3. Two-part (hurdle) modeling
      4. Conclusion for marital affairs analyses
    10. Example: Poisson with varying exposure
  7. Censored dependent variable
    1. Basic concepts for a censored variable
    2. Censored-normal (tobit) regression
    3. Censored-inflated regression
    4. Sample selection (Heckman) regression
      1. Example: Simulated sample selection data
    5. Two-part regression
    6. Example: Methods comparison on alcohol data
      1. Analysis results for the four models
        Loglikelihood and BIC comparisons of the four models
        Comparing the results for the censored-normal (tobit) and censored-inflated models
        Comparing the results for the sample selection (Heckman) and two-part models
        Comparing the results for the censored-inflated and two-part models
        Comparing the fit for estimated probabilities and means for the censored-inflated and two-part models
    7. Switching regressions
      1. Example: Monte Carlo simulation of switching regressions
  8. Mediation non-continuous variables
    1. Binary outcome, continuous mediator
      1. A simple hypothetical mediation model
      2. Total, indirect, and direct effects in terms of differences in probabilities
      3. Causal effect formulas for a continuous M and a binary Y
      4. Causal effect formulas applied to a simple mediation model with a binary outcome and a continuous mediator
      5. Causal effect formulas defined on the odds ratio scale
        Odds ratio effects assuming a rare outcome
      6. Example: Intention to use cigarettes
        Probit regression
        Logistic regression
      7. Example: HPV vaccination trial
        No intervention-mediator interaction
        Intervention-mediator interaction
        Analysis results
    2. Count outcome, continuous mediator
      1. Causal effect formulas for a count outcome
      2. Example: Aggressive behavior and school removal
        Estimated count probabilities
    3. Two-part outcome, continuous mediator
      1. Causal effect formulas for a two-part outcome
      2. Example: Two-part mediation analysis of economic stress data
        Causal effects for two-part modeling
        Causal effects for regular modeling with log y
        Causal effects for regular modeling without log y
    4. Binary and ordinal mediator
      1. Causal effect formulas for a binary mediator
      2. Ordinal mediator
      3. Latent response variable mediator
      4. Estimation
      5. Example: Hypothetical data from the potential outcome example with a binary mediator and a continuous outcome
      6. Example: Ordinal mediator for intention to use cigarettes
      7. Example: Pearl’s artificial 2 x 2 x 2 example
    5. Nominal mediator
      1. Causal effect formulas for a nominal mediator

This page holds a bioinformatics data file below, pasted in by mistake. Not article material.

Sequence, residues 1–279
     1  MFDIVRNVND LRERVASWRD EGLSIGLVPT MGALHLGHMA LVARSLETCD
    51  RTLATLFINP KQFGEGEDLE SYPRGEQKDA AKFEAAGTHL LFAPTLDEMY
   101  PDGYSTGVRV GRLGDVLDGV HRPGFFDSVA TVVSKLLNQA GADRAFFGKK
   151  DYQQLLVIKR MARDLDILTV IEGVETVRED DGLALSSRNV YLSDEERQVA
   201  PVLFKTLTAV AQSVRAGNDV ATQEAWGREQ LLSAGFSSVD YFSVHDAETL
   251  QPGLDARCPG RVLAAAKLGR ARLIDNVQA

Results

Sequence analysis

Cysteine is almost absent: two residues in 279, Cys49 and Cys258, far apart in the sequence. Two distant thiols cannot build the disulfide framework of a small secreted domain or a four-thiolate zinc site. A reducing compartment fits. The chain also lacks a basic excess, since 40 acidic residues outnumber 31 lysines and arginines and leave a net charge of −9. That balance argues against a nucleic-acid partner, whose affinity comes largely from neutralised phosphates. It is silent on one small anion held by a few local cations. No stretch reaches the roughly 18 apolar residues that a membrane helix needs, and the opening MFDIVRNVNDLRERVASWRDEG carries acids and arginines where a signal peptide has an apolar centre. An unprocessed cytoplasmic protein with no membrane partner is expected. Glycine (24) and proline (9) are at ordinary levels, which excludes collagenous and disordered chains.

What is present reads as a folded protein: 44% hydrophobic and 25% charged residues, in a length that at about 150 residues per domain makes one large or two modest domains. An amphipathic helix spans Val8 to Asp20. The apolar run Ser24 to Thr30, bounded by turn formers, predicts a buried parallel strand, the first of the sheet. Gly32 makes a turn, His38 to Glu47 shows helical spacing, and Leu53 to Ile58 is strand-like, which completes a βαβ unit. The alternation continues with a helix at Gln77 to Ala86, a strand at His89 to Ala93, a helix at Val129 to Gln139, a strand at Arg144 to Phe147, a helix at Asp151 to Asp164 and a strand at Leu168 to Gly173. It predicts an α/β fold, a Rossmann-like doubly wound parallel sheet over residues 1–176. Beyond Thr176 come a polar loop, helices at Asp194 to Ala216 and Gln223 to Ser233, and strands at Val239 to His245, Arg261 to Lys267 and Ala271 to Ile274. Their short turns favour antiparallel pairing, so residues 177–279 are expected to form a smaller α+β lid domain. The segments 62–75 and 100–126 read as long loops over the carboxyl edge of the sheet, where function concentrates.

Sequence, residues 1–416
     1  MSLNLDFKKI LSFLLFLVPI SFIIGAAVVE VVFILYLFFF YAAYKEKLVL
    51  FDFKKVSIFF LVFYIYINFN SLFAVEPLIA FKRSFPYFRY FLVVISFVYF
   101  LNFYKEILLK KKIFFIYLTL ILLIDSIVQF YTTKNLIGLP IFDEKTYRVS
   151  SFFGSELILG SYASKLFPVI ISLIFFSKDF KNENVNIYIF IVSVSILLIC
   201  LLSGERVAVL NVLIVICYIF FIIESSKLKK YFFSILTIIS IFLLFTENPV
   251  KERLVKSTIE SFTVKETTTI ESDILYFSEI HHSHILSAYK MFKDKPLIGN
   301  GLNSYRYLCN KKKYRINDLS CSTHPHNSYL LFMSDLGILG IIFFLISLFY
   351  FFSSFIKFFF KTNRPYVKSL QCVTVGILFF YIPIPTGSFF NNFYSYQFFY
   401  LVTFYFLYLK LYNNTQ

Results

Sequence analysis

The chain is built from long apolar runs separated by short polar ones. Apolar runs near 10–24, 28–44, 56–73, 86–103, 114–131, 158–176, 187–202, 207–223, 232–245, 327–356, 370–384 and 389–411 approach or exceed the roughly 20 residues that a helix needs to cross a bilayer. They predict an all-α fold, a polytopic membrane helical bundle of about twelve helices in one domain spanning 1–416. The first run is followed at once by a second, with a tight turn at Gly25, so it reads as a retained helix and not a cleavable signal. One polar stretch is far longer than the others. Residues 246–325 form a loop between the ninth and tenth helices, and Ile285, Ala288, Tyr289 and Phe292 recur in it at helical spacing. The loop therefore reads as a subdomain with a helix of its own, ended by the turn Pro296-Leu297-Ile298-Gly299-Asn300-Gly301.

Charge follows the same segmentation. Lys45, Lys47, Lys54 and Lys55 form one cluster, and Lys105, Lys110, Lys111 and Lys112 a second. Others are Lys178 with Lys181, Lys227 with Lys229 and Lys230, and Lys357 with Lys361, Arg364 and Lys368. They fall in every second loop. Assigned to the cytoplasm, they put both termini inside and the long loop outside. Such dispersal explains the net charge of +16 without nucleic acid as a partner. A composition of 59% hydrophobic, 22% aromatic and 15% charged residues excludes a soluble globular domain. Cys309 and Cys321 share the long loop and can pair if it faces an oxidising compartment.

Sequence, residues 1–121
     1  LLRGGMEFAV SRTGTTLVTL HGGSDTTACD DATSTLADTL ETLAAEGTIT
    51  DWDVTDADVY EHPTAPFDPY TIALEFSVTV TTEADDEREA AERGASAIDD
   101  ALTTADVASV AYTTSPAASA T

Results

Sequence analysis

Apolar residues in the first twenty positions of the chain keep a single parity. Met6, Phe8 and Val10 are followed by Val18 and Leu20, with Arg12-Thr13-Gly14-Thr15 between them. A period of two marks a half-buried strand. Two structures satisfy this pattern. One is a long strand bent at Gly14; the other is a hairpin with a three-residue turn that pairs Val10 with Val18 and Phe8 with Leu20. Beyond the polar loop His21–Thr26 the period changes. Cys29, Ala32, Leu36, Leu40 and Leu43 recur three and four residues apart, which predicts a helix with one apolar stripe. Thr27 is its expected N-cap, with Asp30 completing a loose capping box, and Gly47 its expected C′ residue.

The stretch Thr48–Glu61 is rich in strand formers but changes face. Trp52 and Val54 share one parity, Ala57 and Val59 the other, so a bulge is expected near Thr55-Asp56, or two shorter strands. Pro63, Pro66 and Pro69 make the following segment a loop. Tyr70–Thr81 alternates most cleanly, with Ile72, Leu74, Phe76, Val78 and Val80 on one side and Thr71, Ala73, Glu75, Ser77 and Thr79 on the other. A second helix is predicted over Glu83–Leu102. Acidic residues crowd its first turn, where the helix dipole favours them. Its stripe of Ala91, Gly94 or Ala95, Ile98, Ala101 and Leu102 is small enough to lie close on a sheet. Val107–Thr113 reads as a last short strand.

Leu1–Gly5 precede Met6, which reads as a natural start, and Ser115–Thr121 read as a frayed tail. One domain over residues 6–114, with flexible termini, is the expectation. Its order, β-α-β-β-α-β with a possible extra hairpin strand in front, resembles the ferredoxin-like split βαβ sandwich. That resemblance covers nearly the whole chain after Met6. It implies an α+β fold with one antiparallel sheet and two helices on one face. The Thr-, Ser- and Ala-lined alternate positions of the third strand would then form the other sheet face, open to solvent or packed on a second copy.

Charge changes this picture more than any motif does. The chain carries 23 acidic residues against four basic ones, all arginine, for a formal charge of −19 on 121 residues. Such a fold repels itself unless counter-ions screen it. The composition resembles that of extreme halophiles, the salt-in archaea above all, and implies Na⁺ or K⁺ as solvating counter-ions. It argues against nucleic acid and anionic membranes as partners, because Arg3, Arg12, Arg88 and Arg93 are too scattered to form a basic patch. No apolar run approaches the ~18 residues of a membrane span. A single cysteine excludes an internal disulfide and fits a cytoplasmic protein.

2. Estimation
      3. Example: Hypothetical data with a nominal mediator and a binary outcome
    6. Mediator with measurement error
      1. Example: A Monte Carlo simulation study for a mediator measured with error
      2. Example: An intervention study of aggressive behavior in the classroom and juvenile court record
  9. Bayesian analysis
    1. Prior, likelihood, and posterior
      1. Posterior distribution for the mean of a normal distribution
      2. Types of priors
      3. Non-normality of parameter distributions
    2. Markov Chain Monte Carlo (MCMC)
      1. Example: Bayesian estimation of a mean with missing data for LSAY math
        Input for Bayesian analysis
      2. Plots
        Trace plot
        Autocorrelation plot
        Posterior distribution plot
      3. Convergence checking
    3. Model fit
    4. Bayes versus ML intervals
    5. Example: Mediation model for media influence
      The Potential Scale Reduction (PSR) convergence criterion
      Trace plot
      Autocorrelation plot
      Inspecting model fit and parameter estimates
    6. Example: Mediation model for firefighter data
      1. Non-informative priors
      2. Informative priors
    7. Example: Model testing of direct effects
    8. Example: High school dropout and missing data
      1. Missing data on the mediator (n = 2, 213)
        Bayesian analysis
        Maximum-likelihood analysis
      2. Missing data on the control variables (n = 2, 898)
        Assuming normality for all covariates
        Acknowledging that some control variables are binary
  10. Missing data
    1. Example: Missing data information
    2. MCAR, MAR, and NMAR
      1. MCAR: Missing completely at random
      2. MAR: Missing at random
      3. NMAR: Not missing at random
    3. MAR for bivariate normal variables (H1 case)
      1. Listwise versus ML
      2. Maximum-likelihood estimation in the bivariate case with missing on one variable
      3. The EM algorithm
      4. Multiple imputation
      5. Example: Estimating sample statistics for intervention data
    4. MAR for regression (H0 case)
      1. Missing data and selection on x or y
      2. Regression analysis with missing data
      3. Technical aspects of ML assuming MAR
      4. Example: MAR simulated data analysis
      5. Missing data correlates
        Example: Simulation study with missing data correlate of missing on y
    5. NMAR
      1. Example: Simulated NMAR data with missing influenced by the latent outcome
      2. Example: Selection modeling versus ML assuming MAR when MAR holds
    6. Example: Comparing missing data methods
    7. Missing data on covariates
      1. Example: Simulation study of missing on binary covariates
        Inputs for generating and analyzing data assuming MAR
        Inputs for generating and analyzing data under NMAR
        Simulation results


  • A Covariance algebra
    • A.1 Definition of expectation
      • A.1.1 Rules for expectation
    • A.2 Definition of covariance and variance
      • A.2.1 Rules for variance
    • A.3 Functions of random variables
    • A.4 Example: Covariance algebra rules applied to linear regression
    • A.5 Example: Derivation of the slope attenuation
    • A.6 Example: Variance of a variable measured with error